Saturday, February 17, 2018

Circling the Wagons



A potential client told me that she liked my website. Then she asked me before placing an order if I believed in God.

I don't remember what I answered her. It's a loaded question intended to place me thoroughly inside or thoroughly outside her circle. She needed to vet me as acceptable or unacceptable.

That's lazy thinking, but I can understand it.

When we are stressed or overworked, it's easier to read the tl;dr version or just scan the headline without reading the piece, even when we lose something important by taking the shortcut. When feeling helpless or vulnerable, we use whatever strategies we have on hand to cope. And that can include circling the wagons around our values, beliefs and associations. Safety in numbers - or something.

Perhaps one day she'll slip one toe outside her circle to see if life has something better for her. Perhaps she did when she looked at my website. Perhaps not. She arrived at her position honestly. To give up everything takes tremendous strength and courage and a willingness to be wrong. She could be putting not just her way of life at risk, but perhaps her livelihood, family and friendships, too.

I don't lose hope though. She may not have stuck her toe outside that circle, but she looked over it.

Now, as for her question: do I believe in God? Have a look at my website and decide for yourself.


First published March 2018 in my free monthly email newsletter, Starry Night. Sign up here.

Wednesday, January 24, 2018

Sit With It



I get snippy when I'm under stress. I'll notice the dishwasher wasn't emptied when I come upstairs in the morning and be unable to stop a snarky thought from rising. I'm usually aware enough to catch it, but I can't always stop it.

The very fact that this is the kind of thought that's rising shows me that I need to take care of myself. Do less for others and more for myself, shed a tear or three, wear comfortable clothes, eat delicious food. These actions get me back to myself. Here I can sit with whatever emotional distresses I've been stuffing down with food, and see if I can stay with them for a while, so they can move through me.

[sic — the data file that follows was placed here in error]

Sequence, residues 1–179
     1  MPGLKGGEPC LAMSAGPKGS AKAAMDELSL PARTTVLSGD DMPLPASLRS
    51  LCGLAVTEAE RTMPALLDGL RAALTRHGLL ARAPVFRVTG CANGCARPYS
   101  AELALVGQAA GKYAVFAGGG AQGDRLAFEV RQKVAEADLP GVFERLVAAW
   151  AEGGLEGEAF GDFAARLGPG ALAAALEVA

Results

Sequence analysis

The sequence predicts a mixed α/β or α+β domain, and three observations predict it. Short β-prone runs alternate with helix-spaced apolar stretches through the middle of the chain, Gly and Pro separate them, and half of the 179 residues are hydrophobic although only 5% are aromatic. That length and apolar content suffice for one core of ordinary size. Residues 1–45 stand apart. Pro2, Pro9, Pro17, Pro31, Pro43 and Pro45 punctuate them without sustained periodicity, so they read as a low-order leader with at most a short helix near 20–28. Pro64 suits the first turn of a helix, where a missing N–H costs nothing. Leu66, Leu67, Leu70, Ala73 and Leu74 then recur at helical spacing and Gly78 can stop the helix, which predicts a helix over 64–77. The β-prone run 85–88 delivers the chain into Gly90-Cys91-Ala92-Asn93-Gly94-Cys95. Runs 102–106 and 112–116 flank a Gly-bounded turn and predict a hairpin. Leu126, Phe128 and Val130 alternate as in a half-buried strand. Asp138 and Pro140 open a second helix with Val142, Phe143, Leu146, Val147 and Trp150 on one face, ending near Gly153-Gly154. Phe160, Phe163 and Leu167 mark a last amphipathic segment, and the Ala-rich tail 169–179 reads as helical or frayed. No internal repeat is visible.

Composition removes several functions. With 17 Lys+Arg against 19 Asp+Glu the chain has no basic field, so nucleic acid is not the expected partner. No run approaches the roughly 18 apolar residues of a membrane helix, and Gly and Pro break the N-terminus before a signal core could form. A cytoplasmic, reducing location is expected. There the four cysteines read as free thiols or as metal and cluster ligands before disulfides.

Fear is a big one. This feels awful. Fear rose spectacularly a while back when in someone's car. The driving conditions were not great and I could not influence the way the driver handled things. I sat and tried not to feel scared and upset, but there was nothing I could do.

If I hadn't been willing to sit with the fear, I'd have been mentally blaming the driver, developing an elaborate drama about how I am the innocent victim -- generally making a tough situation worse. Instead, I asked my angels for help. Basically I told them "This feeling is awful. I hate it," without really expecting anything but a sense that I have quiet support. But this time, I got an answer. "It's okay to feel scared. The feeling won't last forever." It released the layer of "I hate this" stress and left me with the simple body sensations of fear: shaking, sharp tingles on my skin, heat and cold alternating. Sure enough, after a while the feelings subsided all by themselves.

Many mornings when I am doing my prayers, tears will rise as a result of a single thought. When that happens I get out my hanky, and just let myself feel the sadness. I don't need to know why. I stuffed down a lot of sorrow over the years and in sitting with it now, I get a chance to express it in a beneficial way.

Sometimes I can sit with difficult feelings and sometimes I can't. I guess the stars have to line up just right. But when I do feel brave enough to sit with fear or sadness it does me good. It loosens my rigid patterns (sometimes even rigid muscles) and if it's powerful enough, it breaks me open, empties me out and lets me start fresh.


First published February 2018 in my free monthly email newsletter, Starry Night. Sign up here.

Monday, January 22, 2018

Black and White World



When we were kids, our TV was black and white. Greyscale. We could often sense the colours on the screen by the tone and context. We never felt as though anything was missing. But then colour TV came along. The perceptual impact was huge.

Every now and then in meditation or when quiet, I get a glimpse of colours more brilliant than anything I have ever seen in this world. It's as though we are living in a faded world, not black and white, but not fully perceived either.

If we never glimpse the colours that exist outside our reality, how can we know they exist?